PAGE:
The town of Nantucket, located between Capaum Pond and the western shore of the Great Harbor, was incorporated in 1671, and its name changed, by order of the governor of New York, to Sherburne in 1673. At about the same time, the two outpost villages of Sesachacha and Siasconset, came into being on the eastern shore of the island. Choosing not to take up permanent residence in any of these, John Swain acquired property in what was then Indian territory.
Richard and John Swain, father and son, were said to be Quakers or at least in sympathy with the tenets of the Religious Society of Friends. Nonetheless, John Swain was held to be less than Quakerly in behavior. When Friend Thomas Story came to Nantucket in 1704, he made the long trek out to Polpis to pay a visit, arriving to find a large company of Wampanoags helping the Swains with a house-raising. Everyone was in boisterous high spirits, which mightily offended Story. His rebuke, in turn, offended the Wampanoags, who walked out.
As for final resting places, we don’t know whether Richard Swain, who died in 1682, was laid to rest in the Founders Burial Ground, on his own homestead (as his wife Jane had been), or on his son’s property in Polpis. The name of Richard’s grandson, John Swain Jr., is one of ten on the memorial tablet raised in 1881 at the Founders Burial Ground, but there is no way of knowing for sure that he was buried there either.
John Jr. married Experience Folger, one of the daughters of Peter Folger and Mary Morrell Folger, and there is a story about Mother Folger—having grown stout in her later years—walking from town to Polpis to visit Experience and her family with a chair tied to her back so she could sit down to rest along the way.
William Swain, son of John Jr. and Experience, was a slave owner—the master of Boston and Maria and their eight children born into slavery. William Swain wrote deeds of manumission for Boston and Maria and their infant son in 1760, but he withheld freedom from their older sons well into their 20s, sending them on whaling voyages in the meantime. When Prince Boston returned from a voyage in 1773, he learned that William Swain had choked to death on a piece of meat. William’s heirs tried to assert ownership of Prince Boston and sued for his lay from the voyage, but the effort failed, and the slave-owning days of the Swain family came to an end.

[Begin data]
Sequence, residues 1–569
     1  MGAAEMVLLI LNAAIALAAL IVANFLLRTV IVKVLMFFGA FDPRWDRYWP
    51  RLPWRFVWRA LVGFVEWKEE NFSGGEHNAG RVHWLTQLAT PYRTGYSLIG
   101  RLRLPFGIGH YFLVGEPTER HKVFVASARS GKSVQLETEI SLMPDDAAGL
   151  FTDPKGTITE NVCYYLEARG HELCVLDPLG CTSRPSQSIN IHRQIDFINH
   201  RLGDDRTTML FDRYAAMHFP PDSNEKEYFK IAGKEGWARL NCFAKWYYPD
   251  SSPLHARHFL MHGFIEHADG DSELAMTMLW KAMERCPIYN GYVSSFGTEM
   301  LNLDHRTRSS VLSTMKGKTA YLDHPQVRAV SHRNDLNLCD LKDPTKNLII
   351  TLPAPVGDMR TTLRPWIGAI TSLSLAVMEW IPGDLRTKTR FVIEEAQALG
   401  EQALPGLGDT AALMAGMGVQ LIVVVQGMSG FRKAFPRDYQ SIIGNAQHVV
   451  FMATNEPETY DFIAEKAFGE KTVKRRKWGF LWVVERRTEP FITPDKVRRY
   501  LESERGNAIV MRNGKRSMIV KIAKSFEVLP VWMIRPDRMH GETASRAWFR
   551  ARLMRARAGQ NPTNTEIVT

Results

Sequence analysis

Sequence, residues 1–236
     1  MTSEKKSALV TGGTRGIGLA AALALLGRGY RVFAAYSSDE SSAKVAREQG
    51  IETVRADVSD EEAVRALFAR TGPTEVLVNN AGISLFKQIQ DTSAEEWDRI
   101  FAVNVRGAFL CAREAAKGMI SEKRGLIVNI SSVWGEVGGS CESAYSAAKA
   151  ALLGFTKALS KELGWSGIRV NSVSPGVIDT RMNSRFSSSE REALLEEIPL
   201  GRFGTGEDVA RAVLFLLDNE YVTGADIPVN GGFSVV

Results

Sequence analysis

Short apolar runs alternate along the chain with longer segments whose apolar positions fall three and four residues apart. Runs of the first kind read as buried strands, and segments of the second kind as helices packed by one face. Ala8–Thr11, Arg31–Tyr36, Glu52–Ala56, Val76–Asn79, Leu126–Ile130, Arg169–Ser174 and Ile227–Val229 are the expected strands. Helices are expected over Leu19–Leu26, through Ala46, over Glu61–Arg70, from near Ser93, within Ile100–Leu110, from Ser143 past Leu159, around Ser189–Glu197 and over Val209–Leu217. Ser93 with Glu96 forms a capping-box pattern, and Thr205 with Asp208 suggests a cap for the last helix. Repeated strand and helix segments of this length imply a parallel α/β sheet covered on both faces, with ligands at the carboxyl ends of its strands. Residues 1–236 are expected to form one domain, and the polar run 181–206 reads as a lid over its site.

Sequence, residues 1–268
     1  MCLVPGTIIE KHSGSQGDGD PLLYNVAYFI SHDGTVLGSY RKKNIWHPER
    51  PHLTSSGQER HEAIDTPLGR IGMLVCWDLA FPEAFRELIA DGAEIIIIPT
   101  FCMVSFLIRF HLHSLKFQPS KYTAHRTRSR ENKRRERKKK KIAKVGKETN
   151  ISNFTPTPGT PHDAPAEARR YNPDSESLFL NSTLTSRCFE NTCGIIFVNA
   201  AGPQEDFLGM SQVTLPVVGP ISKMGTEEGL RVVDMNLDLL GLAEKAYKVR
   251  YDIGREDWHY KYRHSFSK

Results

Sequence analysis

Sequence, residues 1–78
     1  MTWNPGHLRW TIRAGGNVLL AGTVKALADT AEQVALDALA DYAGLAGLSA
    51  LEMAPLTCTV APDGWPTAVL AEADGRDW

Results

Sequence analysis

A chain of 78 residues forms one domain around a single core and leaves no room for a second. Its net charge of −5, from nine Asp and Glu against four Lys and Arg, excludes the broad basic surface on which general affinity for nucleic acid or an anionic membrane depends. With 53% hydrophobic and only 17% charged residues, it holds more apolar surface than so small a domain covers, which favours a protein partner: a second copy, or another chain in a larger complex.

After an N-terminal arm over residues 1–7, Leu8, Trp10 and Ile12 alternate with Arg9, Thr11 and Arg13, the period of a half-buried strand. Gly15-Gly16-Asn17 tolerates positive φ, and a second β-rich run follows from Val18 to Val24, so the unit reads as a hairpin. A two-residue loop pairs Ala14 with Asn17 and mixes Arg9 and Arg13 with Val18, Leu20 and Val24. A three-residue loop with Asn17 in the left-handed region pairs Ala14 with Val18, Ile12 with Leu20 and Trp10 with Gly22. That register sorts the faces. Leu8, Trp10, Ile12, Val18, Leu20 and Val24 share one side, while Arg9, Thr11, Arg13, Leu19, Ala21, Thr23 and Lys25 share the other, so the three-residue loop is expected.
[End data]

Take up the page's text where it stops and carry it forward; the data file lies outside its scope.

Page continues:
William Swain’s cousin Christopher Swain is the first Swain for whom there is documentation of burial in the family cemetery. Keziah Coffin Fanning’s parents had an estate in nearby Quaise, and Keziah was a dedicated diarist. In her journal entry for October 29, 1784, she wrote, “Christopher Swain died today in his hut at Squam. He had for a number of years led a hermit’s life, the most of a Heathen among us—ragged, dirty he was. This morning some Squaws went into his habitation and found him dead on the floor. Buried in Polpis burying ground.”
In time, people other than Swains were buried there, notably members of the Chadwick and Gibbs families. Some inmates from the nearby Quaise Asylum were brought over for burial, including Abraham Blish, who was interred “at Polpis” in March 1842. Some of Blish’s fellow inmates were crew members taken off vessels in port because of acute illness, generally tuberculosis. Their stays at the Asylum were usually brief, and upon death, their remains—like those of Blish—may have been brought to the Polpis Cemetery. Such graves were probably unmarked. In 1892 there were just six recognizable headstones.